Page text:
GUAM MAINTAINS HIGH ALERT

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By Connor Murphy and Mark-Alexander Pieper

HAGÅTÑA, Guam (October 31, 2001 – Pacific Daily News)---Guam officials say they are continuing their heightened state of alert as the nation braces for another possible terrorist strike.

The FBI issued a new terrorism warning yesterday, asking Americans and law enforcement officials to be on the highest alert for possible attacks this week in the United States and abroad.

The alert did not include information about the type of attack or specific targets.

This alert was issued on the same day Guam officials met with the Federal Emergency Management Agency to assess Guam's terrorism readiness.

The local government will respond to the FBI warning by staying at its current state of security, which has been high since the Sept. 11 terrorist attacks, said governor's Chief of Staff Gil Shinohara.

"What we're doing now is what we have been doing," Shinohara said.

Armed guards have been posted at the airport, power stations and military bases here. Military facilities are also enforcing 100 percent ID checks and random car searches.

The government is also taking all possible local threats seriously, Shinohara added.

Federal dollars

More money for security could be headed Guam's way soon, after FEMA officials met with government representatives yesterday.

The federal team yesterday reviewed Guam's communication abilities and medical facilities, Shinohara said, not only to assess their terrorism readiness but also to decide how to split up federal funds.

He said the island's needs are being considered as the federal Office of Homeland Security divides a $550 million supplemental budget among states and territories. The money is meant to provide additional security and supplies without local governments having to make emergency declarations.

Shinohara said the local government is asking FEMA officials to consider Guam's unique situation when it decides how to divide the funds.

"We asked them not to lump Guam in with the rest of the United States," Shinohara said. "Our remoteness affects our abilities to handle disaster situations because it's not like we can drive over to a neighboring state to get help."

Shinohara said the local government was asking for a significant amount of money, but he could not release the figure.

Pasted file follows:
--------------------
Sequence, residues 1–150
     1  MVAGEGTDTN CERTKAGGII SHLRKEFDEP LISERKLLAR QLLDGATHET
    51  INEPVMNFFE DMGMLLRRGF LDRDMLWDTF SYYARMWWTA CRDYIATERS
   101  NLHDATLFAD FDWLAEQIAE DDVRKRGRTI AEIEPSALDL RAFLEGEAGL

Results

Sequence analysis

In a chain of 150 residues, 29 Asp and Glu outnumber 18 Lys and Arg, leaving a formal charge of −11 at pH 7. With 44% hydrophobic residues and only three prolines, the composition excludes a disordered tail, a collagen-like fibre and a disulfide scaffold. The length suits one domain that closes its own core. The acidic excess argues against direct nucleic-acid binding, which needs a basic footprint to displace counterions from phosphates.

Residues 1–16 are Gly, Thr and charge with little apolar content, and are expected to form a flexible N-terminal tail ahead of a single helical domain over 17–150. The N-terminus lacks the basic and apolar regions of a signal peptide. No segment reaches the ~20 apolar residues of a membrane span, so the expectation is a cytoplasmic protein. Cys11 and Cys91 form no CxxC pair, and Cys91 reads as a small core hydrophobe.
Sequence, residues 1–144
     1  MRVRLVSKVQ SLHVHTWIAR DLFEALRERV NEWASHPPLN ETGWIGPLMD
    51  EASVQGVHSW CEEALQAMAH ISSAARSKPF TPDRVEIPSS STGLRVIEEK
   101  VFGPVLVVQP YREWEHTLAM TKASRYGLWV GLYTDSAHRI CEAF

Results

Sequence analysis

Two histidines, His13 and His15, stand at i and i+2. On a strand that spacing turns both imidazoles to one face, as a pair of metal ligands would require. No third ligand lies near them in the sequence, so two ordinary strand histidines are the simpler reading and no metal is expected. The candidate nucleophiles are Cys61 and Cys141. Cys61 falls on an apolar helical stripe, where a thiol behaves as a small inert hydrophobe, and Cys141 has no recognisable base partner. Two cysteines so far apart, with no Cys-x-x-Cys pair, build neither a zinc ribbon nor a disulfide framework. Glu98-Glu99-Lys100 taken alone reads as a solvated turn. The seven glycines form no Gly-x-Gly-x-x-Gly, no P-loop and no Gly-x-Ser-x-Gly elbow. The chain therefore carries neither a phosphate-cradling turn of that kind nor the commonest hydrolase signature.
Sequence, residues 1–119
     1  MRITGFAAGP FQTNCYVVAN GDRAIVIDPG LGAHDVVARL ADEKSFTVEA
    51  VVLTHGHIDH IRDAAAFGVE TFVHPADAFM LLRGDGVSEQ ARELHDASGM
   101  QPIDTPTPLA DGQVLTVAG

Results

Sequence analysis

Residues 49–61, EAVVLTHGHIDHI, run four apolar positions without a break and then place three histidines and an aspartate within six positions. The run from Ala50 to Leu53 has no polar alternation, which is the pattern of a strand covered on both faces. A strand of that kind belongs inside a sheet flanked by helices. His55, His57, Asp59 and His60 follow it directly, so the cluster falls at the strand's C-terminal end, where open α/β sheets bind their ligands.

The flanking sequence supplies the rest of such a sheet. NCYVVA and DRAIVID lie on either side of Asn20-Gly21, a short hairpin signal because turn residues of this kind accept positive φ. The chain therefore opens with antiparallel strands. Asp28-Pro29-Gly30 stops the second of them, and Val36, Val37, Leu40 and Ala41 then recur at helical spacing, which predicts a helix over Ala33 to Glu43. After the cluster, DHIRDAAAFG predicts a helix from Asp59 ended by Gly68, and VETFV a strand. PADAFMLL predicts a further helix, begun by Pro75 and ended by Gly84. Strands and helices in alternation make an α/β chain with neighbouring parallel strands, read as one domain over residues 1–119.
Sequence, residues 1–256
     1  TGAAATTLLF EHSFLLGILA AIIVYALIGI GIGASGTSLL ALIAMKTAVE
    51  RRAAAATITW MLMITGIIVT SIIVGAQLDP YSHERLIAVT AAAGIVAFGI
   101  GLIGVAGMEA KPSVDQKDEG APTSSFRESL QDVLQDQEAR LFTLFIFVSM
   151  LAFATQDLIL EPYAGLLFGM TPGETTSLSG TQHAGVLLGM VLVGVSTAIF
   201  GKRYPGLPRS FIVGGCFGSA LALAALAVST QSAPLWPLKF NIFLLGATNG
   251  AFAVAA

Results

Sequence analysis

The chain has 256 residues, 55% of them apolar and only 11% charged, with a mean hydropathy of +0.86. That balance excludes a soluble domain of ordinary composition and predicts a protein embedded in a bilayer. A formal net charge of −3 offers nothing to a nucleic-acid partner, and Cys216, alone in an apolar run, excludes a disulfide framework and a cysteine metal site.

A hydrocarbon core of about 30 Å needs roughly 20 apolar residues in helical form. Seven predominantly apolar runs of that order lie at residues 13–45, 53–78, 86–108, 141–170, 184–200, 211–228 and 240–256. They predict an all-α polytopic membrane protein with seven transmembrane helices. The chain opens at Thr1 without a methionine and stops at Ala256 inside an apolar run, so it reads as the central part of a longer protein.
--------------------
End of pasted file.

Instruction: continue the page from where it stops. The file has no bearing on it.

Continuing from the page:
He added that FEMA officials will conduct a similar meeting in Saipan, then return to the mainland where they will review their findings and make a decision.

Vigilance continues

There is no need for legislative action to comply with the FBI warning issued yesterday, said Sen. Joe Ada, chairman of the legislative committee on public safety. However, he suggests that Guam residents take the alert seriously.

"Even though (Guam) is very remote from any of the terrorist attacks, obviously we must be very diligent," Ada said.

Jerry Yingling, Guam airport administrator, said he isn't implementing any major changes in airport policy. He said the new warning is a reminder to security personnel to stay watchful.

"You don't get a higher level of vigilance than we're already in," Yingling said.

Eighty-three armed National Guard members are at the airport helping airport security officers with their duties. Other security measures on planes and within the terminal also have been implemented.

The FBI warning will not mean any immediate activation of Army National Guard members, said Guard spokesman Capt. John Guerrero. He said the Guard remains at its current security posture.

"Should we be called upon and activated, we're ready to perform our mission," Guerrero said.

The Guam Police Department is ready to help if and when it gets an order from the office of Gov. Carl Gutierrez, said police Capt. Paul Suba.

"We'll basically assist them in whatever their plan of action may be," Suba said.

Local Navy spokeswoman Lt. Monica Richardson said the Navy is continuing security measures that already are in place.

"We're in an appropriate level of force protection," she said.

Capt. Mike Escudie, local Air Force spokesman, said he could not release details of specific safety measures, but said Andersen Air Force Base remains "in a heightened state of security and awareness."

For additional reports from the Pacific Daily News, go to PACIFIC ISLANDS REPORT News/Information Links: Newspapers/Pacific Daily News (Guam).

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